The two dresses considered as national wear in Saint Lucia are the ‘Wob Dwiyet’ and the National Dress (also known as the Madras or Jip). Both possess colour and elegance.
The National Dress derives from the Wob Dwiyet, a grand, full dress that African slaves made, inspired by what their female plantation owners wore: la robe douillete.
Our National Dress consists of usually a white blouse – chimiz decolté (French chemise décolleté meaning a low-necked shirt) – and three layers of skirting. Notable features are red ribbon threaded into the lace hem of the undermost skirt – jip (French: la jupe) – and sometimes into the lace collar and sleeves of the blouse; and the bright, plaid fabric from which the topmost skirt is made, called Madras.
The National Dress is topped off with an elaborate headpiece. A large square of Madras fabric is craftily folded and starched to create ‘peaks’. The number of peaks represents the woman’s romantic availability: one means the lady is single, two represents married status, three denotes a widow or divorcee and four indicates, “I accept everyone who tries!”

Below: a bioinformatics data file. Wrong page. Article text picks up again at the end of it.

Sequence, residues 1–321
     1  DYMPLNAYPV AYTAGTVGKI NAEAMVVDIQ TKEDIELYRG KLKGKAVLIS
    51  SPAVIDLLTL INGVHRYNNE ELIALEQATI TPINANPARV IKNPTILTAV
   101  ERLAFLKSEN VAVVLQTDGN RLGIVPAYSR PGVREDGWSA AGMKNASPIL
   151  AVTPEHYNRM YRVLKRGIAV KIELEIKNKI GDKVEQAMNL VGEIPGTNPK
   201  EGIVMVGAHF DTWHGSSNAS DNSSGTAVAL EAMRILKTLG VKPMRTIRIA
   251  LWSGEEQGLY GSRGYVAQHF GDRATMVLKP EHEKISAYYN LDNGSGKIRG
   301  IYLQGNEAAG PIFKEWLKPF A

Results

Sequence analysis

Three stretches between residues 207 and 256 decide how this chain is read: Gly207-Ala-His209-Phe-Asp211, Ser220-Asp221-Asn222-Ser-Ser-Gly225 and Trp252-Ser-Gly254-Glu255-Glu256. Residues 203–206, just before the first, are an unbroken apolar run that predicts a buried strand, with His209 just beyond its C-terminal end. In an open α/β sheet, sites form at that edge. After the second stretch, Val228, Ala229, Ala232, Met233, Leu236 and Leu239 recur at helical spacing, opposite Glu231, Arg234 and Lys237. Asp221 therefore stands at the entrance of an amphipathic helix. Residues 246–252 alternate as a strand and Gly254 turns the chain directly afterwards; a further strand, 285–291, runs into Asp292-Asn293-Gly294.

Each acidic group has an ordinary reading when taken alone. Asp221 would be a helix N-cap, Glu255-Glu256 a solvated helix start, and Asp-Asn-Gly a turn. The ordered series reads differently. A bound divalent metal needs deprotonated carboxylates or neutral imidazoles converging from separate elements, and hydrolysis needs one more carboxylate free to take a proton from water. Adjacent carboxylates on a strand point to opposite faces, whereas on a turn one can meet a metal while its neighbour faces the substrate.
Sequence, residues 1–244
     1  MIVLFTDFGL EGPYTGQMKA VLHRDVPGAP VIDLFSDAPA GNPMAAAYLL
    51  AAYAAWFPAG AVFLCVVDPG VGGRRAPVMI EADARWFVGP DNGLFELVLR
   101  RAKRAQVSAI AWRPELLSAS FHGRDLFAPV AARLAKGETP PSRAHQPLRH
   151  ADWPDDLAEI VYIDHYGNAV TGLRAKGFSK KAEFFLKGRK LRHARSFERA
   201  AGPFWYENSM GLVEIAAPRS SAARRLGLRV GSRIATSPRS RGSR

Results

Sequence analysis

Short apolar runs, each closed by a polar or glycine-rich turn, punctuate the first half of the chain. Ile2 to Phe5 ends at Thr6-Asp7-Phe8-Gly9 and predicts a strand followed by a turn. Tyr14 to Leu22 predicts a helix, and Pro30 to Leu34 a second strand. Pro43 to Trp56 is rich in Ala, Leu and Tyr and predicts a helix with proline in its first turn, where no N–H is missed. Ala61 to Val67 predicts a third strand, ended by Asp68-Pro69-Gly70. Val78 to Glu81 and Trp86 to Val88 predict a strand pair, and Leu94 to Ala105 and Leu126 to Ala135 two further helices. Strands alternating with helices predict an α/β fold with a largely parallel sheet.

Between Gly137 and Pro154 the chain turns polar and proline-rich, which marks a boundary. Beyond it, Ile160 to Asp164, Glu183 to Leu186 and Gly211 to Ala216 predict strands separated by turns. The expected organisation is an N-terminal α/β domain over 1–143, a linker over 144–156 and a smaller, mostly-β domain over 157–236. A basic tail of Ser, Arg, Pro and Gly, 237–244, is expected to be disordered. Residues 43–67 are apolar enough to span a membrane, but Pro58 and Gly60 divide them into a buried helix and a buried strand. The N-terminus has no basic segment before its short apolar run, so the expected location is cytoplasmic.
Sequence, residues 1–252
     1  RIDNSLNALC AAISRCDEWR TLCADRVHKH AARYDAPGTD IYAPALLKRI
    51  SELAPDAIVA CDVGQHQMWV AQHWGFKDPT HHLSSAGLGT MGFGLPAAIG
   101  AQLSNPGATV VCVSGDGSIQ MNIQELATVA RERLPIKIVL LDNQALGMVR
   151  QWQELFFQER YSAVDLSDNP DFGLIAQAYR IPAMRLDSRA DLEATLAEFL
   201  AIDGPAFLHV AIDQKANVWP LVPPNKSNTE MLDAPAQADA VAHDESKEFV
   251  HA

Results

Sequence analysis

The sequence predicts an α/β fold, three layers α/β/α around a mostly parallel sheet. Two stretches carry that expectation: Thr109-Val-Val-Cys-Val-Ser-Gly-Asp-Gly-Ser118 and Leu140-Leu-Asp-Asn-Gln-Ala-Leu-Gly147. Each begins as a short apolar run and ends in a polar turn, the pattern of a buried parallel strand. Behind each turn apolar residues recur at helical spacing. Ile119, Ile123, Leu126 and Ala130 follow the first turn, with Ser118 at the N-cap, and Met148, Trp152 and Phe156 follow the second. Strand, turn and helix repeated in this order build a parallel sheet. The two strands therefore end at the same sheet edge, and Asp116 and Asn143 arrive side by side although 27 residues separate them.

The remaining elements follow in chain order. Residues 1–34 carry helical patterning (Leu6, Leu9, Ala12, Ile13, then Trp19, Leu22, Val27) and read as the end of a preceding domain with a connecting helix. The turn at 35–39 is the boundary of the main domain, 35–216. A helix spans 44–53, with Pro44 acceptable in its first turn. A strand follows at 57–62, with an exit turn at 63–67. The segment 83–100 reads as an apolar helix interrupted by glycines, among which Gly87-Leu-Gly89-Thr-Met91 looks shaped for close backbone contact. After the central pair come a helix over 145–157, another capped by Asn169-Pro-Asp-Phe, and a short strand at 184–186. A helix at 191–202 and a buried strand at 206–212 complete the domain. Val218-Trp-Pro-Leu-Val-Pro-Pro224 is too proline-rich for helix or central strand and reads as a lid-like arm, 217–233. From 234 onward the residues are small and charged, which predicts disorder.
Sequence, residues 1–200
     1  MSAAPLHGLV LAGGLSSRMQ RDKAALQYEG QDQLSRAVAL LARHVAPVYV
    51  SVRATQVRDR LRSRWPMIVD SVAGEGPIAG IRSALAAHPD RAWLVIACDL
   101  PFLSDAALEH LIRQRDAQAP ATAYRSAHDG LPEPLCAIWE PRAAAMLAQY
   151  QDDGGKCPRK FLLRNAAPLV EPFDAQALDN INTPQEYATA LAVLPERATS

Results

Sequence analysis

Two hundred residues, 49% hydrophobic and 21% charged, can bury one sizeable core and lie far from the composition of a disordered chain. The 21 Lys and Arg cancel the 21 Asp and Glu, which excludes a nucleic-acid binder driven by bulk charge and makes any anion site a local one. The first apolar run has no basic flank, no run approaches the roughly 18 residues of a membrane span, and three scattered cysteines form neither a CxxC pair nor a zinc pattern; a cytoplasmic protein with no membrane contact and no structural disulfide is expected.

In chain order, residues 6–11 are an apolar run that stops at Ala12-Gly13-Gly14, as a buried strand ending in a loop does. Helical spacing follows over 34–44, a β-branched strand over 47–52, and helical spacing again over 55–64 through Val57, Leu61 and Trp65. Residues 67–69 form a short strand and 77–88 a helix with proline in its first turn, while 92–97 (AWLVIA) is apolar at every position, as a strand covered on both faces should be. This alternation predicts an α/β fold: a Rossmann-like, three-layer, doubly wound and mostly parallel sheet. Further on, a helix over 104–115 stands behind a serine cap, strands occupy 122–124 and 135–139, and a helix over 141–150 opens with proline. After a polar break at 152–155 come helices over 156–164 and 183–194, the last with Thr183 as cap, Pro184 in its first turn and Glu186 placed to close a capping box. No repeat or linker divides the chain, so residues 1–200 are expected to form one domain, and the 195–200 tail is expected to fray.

Finally, the National Dress has a triangular scarf of satin fabric. It sits on the left shoulder, so that the apex falls over the left elbow, with the other corners tucked beneath the skirt’s waistline.
The costume is usually worn with a hairstyle of two low buns, or “pepper seeds” – multiple small buns all over the head held by hairpins – and red lipstick and black shoes.
Men do not dress as extravagantly as the ladies but they take pride in sporting national wear of black trousers and a white shirt. The outfit is accessorized with a piece of Madras or red cloth either as a belt, tie, sash or waistcoat. Black shoes complete the look.
The National Dress and matching male ensemble is the formal attire for quadrille dance performances.